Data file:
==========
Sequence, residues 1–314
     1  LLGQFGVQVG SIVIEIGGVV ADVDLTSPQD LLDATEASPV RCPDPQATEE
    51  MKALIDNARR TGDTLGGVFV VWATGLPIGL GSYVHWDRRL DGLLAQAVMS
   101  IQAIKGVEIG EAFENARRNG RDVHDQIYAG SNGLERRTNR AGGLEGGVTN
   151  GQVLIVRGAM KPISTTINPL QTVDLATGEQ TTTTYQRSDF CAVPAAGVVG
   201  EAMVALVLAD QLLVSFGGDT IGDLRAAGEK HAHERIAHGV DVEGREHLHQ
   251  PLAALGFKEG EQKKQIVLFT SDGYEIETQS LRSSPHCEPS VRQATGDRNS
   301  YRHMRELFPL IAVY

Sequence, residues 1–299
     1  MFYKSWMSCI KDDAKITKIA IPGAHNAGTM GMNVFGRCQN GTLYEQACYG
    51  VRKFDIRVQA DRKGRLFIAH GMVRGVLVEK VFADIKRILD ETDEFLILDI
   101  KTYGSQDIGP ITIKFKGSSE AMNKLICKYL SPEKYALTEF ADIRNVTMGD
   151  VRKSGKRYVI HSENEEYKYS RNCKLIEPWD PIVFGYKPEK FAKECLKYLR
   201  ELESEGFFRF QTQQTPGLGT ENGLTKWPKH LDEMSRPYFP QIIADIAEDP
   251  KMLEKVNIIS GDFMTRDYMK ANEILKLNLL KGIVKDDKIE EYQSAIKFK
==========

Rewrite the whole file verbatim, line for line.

Sequence, residues 1–314
     1  LLGQFGVQVG SIVIEIGGVV ADVDLTSPQD LLDATEASPV RCPDPQATEE
    51  MKALIDNARR TGDTLGGVFV VWATGLPIGL GSYVHWDRRL DGLLAQAVMS
   101  IQAIKGVEIG EAFENARRNG RDVHDQIYAG SNGLERRTNR AGGLEGGVTN
   151  GQVLIVRGAM KPISTTINPL QTVDLATGEQ TTTTYQRSDF CAVPAAGVVG
   201  EAMVALVLAD QLLVSFGGDT IGDLRAAGEK HAHERIAHGV DVEGREHLHQ
   251  PLAALGFKEG EQKKQIVLFT SDGYEIETQS LRSSPHCEPS VRQATGDRNS
   301  YRHMRELFPL IAVY

Sequence, residues 1–299
     1  MFYKSWMSCI KDDAKITKIA IPGAHNAGTM GMNVFGRCQN GTLYEQACYG
    51  VRKFDIRVQA DRKGRLFIAH GMVRGVLVEK VFADIKRILD ETDEFLILDI
   101  KTYGSQDIGP ITIKFKGSSE AMNKLICKYL SPEKYALTEF ADIRNVTMGD
   151  VRKSGKRYVI HSENEEYKYS RNCKLIEPWD PIVFGYKPEK FAKECLKYLR
   201  ELESEGFFRF QTQQTPGLGT ENGLTKWPKH LDEMSRPYFP QIIADIAEDP
   251  KMLEKVNIIS GDFMTRDYMK ANEILKLNLL KGIVKDDKIE EYQSAIKFK